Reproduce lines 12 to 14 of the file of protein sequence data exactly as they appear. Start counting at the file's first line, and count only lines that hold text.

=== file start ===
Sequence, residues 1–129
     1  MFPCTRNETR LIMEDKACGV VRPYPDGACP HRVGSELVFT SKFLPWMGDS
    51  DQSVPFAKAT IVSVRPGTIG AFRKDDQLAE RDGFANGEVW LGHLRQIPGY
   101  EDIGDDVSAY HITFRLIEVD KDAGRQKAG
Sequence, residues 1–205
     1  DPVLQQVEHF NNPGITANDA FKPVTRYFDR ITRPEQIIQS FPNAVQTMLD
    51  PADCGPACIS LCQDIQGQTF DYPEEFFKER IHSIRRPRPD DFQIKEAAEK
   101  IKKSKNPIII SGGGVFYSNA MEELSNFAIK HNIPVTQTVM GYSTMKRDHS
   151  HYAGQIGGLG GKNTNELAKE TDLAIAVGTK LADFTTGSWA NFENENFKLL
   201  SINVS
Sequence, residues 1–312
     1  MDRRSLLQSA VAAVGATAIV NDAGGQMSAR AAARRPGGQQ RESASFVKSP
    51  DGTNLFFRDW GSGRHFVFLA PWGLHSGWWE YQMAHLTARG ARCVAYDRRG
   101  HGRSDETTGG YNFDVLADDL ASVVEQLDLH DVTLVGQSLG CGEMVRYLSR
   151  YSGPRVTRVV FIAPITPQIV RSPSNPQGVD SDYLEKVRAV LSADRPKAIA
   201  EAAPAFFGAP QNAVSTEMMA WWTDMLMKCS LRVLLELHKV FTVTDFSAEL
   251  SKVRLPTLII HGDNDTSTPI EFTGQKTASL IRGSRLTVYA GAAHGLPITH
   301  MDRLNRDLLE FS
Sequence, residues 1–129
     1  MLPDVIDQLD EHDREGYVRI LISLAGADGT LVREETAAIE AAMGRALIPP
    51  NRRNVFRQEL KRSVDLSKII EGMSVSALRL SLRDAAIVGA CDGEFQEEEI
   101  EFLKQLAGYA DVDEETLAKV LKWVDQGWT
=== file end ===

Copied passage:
     1  MDRRSLLQSA VAAVGATAIV NDAGGQMSAR AAARRPGGQQ RESASFVKSP
    51  DGTNLFFRDW GSGRHFVFLA PWGLHSGWWE YQMAHLTARG ARCVAYDRRG
   101  HGRSDETTGG YNFDVLADDL ASVVEQLDLH DVTLVGQSLG CGEMVRYLSR